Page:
3
\$\begingroup\$

The game of life is often implemented by representing the board as a 2D boolean array. This doesn't scale very well to larger boards -- it starts to consume lots of memory, and without some separate mechanism to keep track of a list of live cells, you have to visit each board cell on each iteration. This implementation just keeps a list of live cells to represent the board state; the board "size" is limited only by the maximum of an integer.

import Data.List as L
import Data.Map  as M

type Coo = (Int,Int)
type Board = Map Coo Int

moveBoard::Coo->Board->Board
moveBoard (dx,dy) = M.mapKeysMonotonic (\(x,y)->(x + dx, y + dy))

countNeighbors::Board->Board
countNeighbors b =
  unionsWith (+) [ moved (-1, -1),  moved (0, -1),  moved (1, -1),
                   moved (-1,  0),                  moved (1,  0),
                   moved (-1,  1),  moved (0,  1),  moved (1,  1) ]
    where moved (dx, dy) = moveBoard (dx, dy) b

lifeIteration::Board->Board
lifeIteration b = M.union birth survive
  where neighbors = countNeighbors b
        birth     = M.map (const 1)  (M.filter (==3) neighbors)
        survive   = M.intersection b (M.filter (==2) neighbors)

glider = M.fromList $ L.map (\(x,y)->((x,y),1::Int)) ([(1,1),(1,2),(1,3),(2,3),(3,2)]::[(Int,Int)])
\$\endgroup\$
  • \$\begingroup\$ If you want to compute long and large sequences of Life, you might be interested in hashlife. \$\endgroup\$ – Petr Pudlák Sep 19 '13 at 18:10
3
\$\begingroup\$

Edit: This answer was given when the reviewed code looked quite differently.

Any specific questions? Here's what stands out for me:

  1. Why do toList in emptyNeighbors, then go back to Set again? You could simply use Data.Set.map there.

  2. countNeighbor is very inefficient: the filter operation always iterates over all life cells, and you are calling it three times per existing cell! That's unneeded, as you only ever care about a handful of neighbourhood cells.

My idea to fix issue 2 would be to build a Map of the neighbour count of every cell. If you represent the board as a Map with only 1 cells in it, that can be done pretty efficiently using mapKeysMonotonic and unionsWith:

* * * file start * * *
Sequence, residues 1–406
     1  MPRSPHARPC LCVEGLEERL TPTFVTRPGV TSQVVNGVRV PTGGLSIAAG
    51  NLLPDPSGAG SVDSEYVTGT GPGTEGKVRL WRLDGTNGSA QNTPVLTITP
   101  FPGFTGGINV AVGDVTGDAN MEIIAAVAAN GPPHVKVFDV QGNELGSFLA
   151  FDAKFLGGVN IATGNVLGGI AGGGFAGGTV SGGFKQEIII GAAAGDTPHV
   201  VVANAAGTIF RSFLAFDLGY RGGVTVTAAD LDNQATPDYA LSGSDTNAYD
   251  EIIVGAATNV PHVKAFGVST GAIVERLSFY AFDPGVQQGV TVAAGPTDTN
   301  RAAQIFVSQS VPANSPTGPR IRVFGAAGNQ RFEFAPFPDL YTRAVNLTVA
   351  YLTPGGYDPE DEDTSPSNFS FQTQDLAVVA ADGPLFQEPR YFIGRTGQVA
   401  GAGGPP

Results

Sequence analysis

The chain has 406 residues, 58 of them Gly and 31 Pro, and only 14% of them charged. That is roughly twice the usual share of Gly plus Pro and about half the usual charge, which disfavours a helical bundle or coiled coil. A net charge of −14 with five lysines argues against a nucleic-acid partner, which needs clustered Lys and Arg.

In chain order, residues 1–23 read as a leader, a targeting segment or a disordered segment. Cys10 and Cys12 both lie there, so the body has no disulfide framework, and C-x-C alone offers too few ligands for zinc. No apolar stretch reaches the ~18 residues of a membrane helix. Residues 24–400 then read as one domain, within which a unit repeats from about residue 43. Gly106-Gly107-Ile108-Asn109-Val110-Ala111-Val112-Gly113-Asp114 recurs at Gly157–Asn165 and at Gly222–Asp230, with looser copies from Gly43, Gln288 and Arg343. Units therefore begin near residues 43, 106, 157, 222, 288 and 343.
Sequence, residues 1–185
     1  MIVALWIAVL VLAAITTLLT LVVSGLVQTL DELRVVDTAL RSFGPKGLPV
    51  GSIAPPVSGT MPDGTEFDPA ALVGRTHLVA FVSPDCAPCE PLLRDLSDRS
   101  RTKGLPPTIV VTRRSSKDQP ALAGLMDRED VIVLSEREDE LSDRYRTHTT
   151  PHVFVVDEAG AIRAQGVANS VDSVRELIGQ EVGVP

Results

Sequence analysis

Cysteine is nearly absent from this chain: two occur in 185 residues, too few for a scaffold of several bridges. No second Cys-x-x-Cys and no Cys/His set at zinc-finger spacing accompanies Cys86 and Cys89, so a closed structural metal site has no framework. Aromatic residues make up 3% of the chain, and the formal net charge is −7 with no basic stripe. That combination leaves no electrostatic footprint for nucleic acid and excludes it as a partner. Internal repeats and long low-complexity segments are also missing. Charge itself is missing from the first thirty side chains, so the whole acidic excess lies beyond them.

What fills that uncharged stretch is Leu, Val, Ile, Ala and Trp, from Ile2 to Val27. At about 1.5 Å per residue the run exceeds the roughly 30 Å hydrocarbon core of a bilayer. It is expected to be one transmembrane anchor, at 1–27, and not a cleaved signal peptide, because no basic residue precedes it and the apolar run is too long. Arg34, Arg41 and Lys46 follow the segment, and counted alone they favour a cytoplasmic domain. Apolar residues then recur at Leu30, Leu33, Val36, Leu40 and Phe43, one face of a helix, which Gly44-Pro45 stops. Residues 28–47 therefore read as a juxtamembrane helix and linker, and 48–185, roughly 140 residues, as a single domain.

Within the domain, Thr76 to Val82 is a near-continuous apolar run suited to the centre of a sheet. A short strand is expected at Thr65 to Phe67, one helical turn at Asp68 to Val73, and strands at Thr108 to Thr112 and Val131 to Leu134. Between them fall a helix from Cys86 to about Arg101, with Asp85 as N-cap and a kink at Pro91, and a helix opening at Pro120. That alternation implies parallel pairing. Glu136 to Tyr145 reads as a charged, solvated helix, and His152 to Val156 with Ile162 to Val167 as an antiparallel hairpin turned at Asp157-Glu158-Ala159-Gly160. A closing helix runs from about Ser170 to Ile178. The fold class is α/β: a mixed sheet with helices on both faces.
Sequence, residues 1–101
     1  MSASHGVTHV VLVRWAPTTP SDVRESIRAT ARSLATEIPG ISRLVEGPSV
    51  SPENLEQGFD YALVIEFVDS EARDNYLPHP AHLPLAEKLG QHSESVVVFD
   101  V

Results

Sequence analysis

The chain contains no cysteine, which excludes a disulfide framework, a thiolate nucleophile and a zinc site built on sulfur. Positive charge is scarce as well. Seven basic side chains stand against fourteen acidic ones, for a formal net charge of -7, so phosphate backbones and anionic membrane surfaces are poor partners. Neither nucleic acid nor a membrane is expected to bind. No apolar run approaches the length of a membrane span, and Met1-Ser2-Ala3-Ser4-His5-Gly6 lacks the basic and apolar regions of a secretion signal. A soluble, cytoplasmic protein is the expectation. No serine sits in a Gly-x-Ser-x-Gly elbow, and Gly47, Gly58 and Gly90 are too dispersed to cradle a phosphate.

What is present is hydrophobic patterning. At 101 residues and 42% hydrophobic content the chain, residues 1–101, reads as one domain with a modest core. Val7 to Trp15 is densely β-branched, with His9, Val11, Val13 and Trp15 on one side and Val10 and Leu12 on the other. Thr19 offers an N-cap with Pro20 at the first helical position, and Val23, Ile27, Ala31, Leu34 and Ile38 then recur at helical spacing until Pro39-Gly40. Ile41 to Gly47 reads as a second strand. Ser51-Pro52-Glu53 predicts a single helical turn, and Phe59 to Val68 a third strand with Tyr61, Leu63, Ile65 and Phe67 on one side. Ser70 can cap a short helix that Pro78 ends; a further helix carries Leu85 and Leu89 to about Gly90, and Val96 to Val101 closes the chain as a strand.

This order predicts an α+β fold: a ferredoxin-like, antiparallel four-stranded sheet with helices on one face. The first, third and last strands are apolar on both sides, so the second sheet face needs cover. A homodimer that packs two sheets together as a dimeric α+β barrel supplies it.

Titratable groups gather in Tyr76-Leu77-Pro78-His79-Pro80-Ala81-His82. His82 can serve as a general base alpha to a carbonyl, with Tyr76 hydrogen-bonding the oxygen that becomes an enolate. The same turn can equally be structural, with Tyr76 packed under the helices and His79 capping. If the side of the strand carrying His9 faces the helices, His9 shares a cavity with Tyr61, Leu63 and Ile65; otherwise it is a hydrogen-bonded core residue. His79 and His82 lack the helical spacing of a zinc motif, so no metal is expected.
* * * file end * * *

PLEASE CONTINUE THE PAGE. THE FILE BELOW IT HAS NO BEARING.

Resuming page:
type Coo = (Int, Int)
type Board = Map Coo Int

moveBoard :: Coo -> Board -> Board
moveBoard (dx,dy) = M.mapKeysMonotonic (\(x, y) -> (x+dx, y+dy))

countNeighbours :: Board -> Board
countNeighbours b =
  unionsWith (+) [ moved (-1) (-1), moved 0 (-1), moved 1 (-1)
                 , moved (-1)   0 ,               moved 1  0
                 , moved (-1)   1 , moved 0   1 , moved 1  1   ]
 where moved dx dy = moveBoard (dx,dy) b

Note that usage of mapKeysMonotonic is only safe because the order of coordinates doesn't change when we add a constant. Effectively, this means that the library can simply replace the concrete coordinates without any internal resorting.

The iteration is then a simple matter of using filter, map and intersection over the result:

lifeIteration :: Board -> Board
lifeIteration b = M.union birth survive
 where neighbours = countNeighbours b
       birth      = M.map (const 1)  (M.filter (==3) neighbours)
       survive    = M.intersection b (M.filter (==2) neighbours)

Changing your formulation slightly by having a life cell with 3 neighbours "rebirth" instead of survive, as that's a bit simpler to write.

Also note that this is a bit "clever" by taking advantage of the fact that intersection always returns the value of the first Map, therefore I don't need to do another M.map (const 1) step in there.

I hope this is helpful to you.

\$\endgroup\$

Your Answer

By clicking “Post Your Answer”, you agree to our terms of service, privacy policy and cookie policy

Not the answer you're looking for? Browse other questions tagged or ask your own question.